Travelling with Osteoporosis – Part 1 Travelling with Osteoporosis – Part 1

Travelling with Osteoporosis – Part 1

October 14, 2021
Travelling with Osteoporosis – Part 1 Travelling with Osteoporosis – Part 1

Travelling with Osteoporosis – Part 1

October 14, 2021

As pandemic restrictions begin to lift, you may be thinking about travelling. Today, in addition to considering your plans to travel with osteoporosis you must also be clear on travel restrictions and protocols regarding Covid-19.

Do you know what the requirements are regarding vaccinations to enter another province or country? For example, do you need a vaccination passport or covid testing either before leaving or on coming back to Canada? Given that details surrounding travel during the pandemic can change as new information becomes available, make sure to check the Government of Canada website for the most current information on travel requirements at

It is possible to travel safely and enjoyably with osteoporosis, but there are precautions that need to be taken, as well as those related to the pandemic.

Before You Start!

Have a clear understanding of your physical and medical needs, limitations and abilities. This understanding will help you to choose a suitable destination and means of travel. Consider using a travel agent who can assist in both planning and booking a trip that meets all of your requirements. You or your travel agent should contact the airline, train line, tour companies, hotels or cruise ship to be sure that they understand and can accommodate your needs.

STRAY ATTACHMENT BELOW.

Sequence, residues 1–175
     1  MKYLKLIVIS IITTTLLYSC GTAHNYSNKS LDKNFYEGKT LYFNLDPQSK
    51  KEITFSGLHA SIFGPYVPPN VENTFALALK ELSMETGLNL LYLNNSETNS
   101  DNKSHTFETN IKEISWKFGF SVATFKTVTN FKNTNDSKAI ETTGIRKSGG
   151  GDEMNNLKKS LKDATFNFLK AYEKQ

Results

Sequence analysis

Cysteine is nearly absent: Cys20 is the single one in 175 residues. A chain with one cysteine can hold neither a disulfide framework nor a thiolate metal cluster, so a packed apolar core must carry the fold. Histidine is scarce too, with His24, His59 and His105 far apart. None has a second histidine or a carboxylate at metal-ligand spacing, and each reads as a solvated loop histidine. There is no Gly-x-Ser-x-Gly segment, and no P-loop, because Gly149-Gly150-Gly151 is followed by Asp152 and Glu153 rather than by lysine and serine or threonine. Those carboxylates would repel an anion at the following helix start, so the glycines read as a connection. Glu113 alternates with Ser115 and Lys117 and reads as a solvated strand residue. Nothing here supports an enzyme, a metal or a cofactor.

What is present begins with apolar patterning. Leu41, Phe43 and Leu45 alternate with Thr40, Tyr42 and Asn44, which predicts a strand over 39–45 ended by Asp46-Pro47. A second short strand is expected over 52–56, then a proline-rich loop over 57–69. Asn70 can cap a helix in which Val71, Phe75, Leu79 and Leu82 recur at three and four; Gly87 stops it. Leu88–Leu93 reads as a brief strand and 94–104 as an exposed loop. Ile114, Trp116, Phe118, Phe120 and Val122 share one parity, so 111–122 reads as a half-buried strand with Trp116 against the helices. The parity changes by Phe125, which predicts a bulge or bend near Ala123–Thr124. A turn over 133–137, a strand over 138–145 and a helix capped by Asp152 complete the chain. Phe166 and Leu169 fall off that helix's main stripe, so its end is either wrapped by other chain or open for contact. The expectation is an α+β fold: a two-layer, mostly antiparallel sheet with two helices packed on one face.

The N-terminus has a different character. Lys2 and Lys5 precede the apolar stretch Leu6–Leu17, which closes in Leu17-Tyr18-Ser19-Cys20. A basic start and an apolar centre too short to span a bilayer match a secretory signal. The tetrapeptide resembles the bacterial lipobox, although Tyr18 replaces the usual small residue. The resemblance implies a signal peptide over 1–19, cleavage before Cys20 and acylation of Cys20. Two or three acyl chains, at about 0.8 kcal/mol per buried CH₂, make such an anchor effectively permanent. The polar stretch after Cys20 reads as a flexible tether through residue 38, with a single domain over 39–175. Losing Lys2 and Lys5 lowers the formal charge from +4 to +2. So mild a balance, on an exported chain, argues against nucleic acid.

Your doctor can also advise you about any necessary vaccinations (apart from covid) for your trip or if you need to update any previous vaccinations. Some vaccinations can take up to six months to administer, so be sure to start this process early rather than waiting until shortly before your departure.

Keep records so you know what to expect on each leg of your journey. Accessibility standards vary from country to country, so be prepared to describe in detail the support or features you may need. For example: wheelchair assistance at the airport, extra leg room on the airplane, a seat near the aisle, a special diet, etc.

Consider travel and medical insurance because medical care in a foreign country can be very expensive. When purchasing insurance, make sure you understand age restrictions and coverage for pre-existing conditions. See your doctor for a check-up well before your departure to minimize the chance of any changes to your medications and treatment shortly before your departure.

You will also need cancellation insurance because there is always the possibility that something may happen at the last minute that requires you to change your plans.

The All-Important List

It is never too early to start making a detailed list of the things you will need. Maintain a file of important papers, contacts, identification and travel documents. If you rely on your smart phone to store and manage these files, be mindful that some countries offer only limited internet access and ability to process phone transactions. Take with you a duplicate paper copy of the most important information.

List the items that you typically use and plan how to pack them so that they will be easily accessible on your trip. Are there special items that you use to help you in the kitchen, bedroom, bathroom or the car?

1) Mobility aids – Do you need a cane, walker or wheelchair all the time or just when you need to walk long distances such as in an airport, or a bus or train terminal? Consider the terrain of your destination – level ground, paved, cobblestones, lots of stairs? Will the destination be accessible with a walker or wheelchair?

Most airports and some other travel companies will provide wheelchair and other mobility services. Contact the airline, bus or train line in advance if you need this temporary service.

If you need a mobility aid all the time, consider bringing your own. You should contact the travel line ahead of time to ensure that they can accommodate your mobility aid, especially if it is a walker or wheelchair, because larger aids will require some form of storage while you travel.